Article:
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UBC Theses and Dissertations
3D analysis of mandibular deciduous tooth crypts using μCT imaging Korada, Anu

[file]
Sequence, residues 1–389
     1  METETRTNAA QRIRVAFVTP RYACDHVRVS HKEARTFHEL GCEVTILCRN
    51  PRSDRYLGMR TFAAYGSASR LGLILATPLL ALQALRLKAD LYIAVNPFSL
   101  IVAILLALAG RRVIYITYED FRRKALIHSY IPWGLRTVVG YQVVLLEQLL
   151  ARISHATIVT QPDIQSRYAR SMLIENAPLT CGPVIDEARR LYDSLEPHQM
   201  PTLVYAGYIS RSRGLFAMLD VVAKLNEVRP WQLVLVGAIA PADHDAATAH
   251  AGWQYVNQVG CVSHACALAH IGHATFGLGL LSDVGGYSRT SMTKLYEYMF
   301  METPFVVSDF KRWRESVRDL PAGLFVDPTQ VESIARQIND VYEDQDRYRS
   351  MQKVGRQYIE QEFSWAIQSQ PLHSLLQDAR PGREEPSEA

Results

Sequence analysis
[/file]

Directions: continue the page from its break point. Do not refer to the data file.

Objectives: Interactions between the dental follicle and the alveolar bone are tightly coordinated such that the correct amount of support for each tooth is formed. Prior to root formation, bone-tooth interactions may also regulate the shape or size of the crown. Here we measure the increase in tooth and mandibular volume and then go onto to determine whether growth of each crypt is allometric or isometric. Finally we determine whether tooth shape is influenced by local factors. Methods: Fetal heads 12 to 19 weeks were obtained from BC Women’s hospital (N = 25; Protocol H08-02576). Heads were scanned at 50μm resolution, reconstructed and segmented using Amira v5.6 software. Statistical analysis included two-way ANOVA and post-hoc Tukey’s test. Landmark and Morpho J software was used for landmark-based geometric morphometrics. Results: Segmentation of the mandible and crypts revealed that the alveolar bone varied according to the tooth type, surface and age of specimen. The patterns of bone were symmetrical within each specimen. The typical pattern consisted of 1) absence of occlusal bone, 2) presence of gingival bone, 3) interproximal bone on the mesial and distal of the c, 4) varying degrees of buccal bone on the c and m1. Volumetric measurements revealed 3 periods of growth - 12-14 weeks, 15-16 weeks and 17-19 weeks. 3D morphometrics revealed that the buccal landmarks of m1 and c were displaced buccally, gingival landmarks for i1, i2 and c were displaced gingivally and distal landmarks on m2 were displaced mesially. Conclusions: The surprising regional differences in the presence of bone on different sides of the follicle suggests that there must be local signaling mechanisms at work. The high degree of symmetry between the right and left sides further suggests that these regional patterning mechanisms are controlled by genetic rather than environmental mechanisms.
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